Zatanna: The Mistress of Magic is my first exposure to the magical DC superheroine and upon finishing the work, I’m left wondering what I ever did without her in my catalog of favorite of comic book heroes. The graphic novel contains two stories written by Batman alum Paul Dini who explores Zatanna’s struggles with the mystical forces of darkness while also working as a performer for sell out theater crowds. Dini’s first story arc pits Zatanna against a demonic creature named Brother Night who sends his minions to destroy our heroine in order to invade and control San Francisco. After defeating evil and saving the human realm from demonic enslavement, Zatanna finds herself in the glitzy town of Las Vegas, running a show at a new casino run by a fellow who entered into a lifelong contract with the demon god of wealth. The demigod brokers a deal with the hotshot owner: deliver Zatanna’s soul and his infernal fate will be avoided.
What attracts me to the character, as depicted in this graphic novel, is how different her adventures are from most other super heroes. While characters like Superman, Batman, Iron Man and Spider-Man fight larger than life villains birthed chemically, genetically, or cosmologically; Zatanna’s primary foe seems to come directly from the world of demons and the paranormal. As such, there’s a strong resemblance to Hellblazer’s Constantine (a cursory Internet search reveals that the pair were, at one time, lovers and Zatanna made an appearance in his series). What really attracts me to the character is how she embraces her otherworldly abilities by spending her off hours as a stage magician. Most characters make it a point to shield or withhold their gifts whenever necessary, while Zatanna appears to have no qualms about using her powers to make money and a name for herself.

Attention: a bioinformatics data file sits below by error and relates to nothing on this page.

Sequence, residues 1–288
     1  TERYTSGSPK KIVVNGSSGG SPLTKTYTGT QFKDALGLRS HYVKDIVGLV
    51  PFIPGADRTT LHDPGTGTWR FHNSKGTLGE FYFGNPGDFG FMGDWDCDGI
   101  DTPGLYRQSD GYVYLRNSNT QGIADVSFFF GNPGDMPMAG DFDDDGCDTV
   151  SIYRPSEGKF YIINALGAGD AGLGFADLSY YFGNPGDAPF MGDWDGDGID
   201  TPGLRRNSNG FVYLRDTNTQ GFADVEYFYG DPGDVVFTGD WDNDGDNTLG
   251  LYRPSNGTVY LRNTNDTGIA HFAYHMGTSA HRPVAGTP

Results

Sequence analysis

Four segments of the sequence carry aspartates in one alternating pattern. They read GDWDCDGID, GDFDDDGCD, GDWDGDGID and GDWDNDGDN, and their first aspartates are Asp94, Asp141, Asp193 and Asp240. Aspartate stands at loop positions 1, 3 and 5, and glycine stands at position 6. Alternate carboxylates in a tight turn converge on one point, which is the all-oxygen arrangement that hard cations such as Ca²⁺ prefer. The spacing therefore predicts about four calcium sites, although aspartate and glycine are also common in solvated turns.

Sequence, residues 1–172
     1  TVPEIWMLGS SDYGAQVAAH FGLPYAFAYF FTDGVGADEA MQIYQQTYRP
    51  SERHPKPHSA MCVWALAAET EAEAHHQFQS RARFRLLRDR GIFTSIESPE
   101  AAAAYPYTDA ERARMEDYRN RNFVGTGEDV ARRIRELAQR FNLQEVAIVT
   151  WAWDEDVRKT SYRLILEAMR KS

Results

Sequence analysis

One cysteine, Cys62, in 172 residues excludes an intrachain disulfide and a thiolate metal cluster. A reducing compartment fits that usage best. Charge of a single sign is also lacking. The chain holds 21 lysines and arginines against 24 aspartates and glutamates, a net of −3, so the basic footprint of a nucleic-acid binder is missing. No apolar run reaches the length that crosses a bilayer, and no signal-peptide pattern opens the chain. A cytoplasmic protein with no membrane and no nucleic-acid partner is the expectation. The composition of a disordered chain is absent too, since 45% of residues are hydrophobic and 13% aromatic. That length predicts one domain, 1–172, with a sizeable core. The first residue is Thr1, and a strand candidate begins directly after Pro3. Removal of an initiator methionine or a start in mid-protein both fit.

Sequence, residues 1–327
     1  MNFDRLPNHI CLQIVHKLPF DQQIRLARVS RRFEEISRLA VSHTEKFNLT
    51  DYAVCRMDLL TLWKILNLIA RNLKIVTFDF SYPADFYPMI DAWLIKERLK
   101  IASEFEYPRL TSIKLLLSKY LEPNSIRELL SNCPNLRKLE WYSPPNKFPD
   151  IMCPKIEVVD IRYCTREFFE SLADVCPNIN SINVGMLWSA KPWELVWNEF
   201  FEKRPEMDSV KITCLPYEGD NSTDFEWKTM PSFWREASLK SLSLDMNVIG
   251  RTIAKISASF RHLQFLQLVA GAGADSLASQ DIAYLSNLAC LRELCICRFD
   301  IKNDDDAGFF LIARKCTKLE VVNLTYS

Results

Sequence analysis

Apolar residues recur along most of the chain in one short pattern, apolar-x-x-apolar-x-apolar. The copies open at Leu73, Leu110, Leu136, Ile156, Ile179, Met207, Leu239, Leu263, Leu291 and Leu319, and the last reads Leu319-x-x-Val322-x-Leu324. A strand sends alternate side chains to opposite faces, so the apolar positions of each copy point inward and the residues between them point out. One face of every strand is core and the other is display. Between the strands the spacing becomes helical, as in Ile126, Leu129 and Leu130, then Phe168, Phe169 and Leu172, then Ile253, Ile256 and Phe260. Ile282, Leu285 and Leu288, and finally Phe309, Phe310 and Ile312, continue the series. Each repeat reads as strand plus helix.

For someone who has had very little exposure to the character and the world she lives in, the stories presented in Mistress of Magic served as a great introduction. Dini’s scripts are enjoyable, although the second story’s use of a tired love potion plot is a bit weak. The artwork makes noticeable changes throughout the book as different illustrators are tapped to finish the work, resulting in a familiar thought process of mine: “Well, this artist’s work here is good, but I wish the previous illustrator stuck around…” It is difficult for me to speculate where longstanding DC comic veterans stand on Zatanna and her appearance in this collection. For this newcomer, however, it’s the beginning of a beautiful friendship.
Zatanna: The Mistress of Magic
by Paul Dini
Art by Stephane Roux, Chad Hardin, Jesus Saiz
DC Comics, 2010
Publisher Age Rating: OT (15+)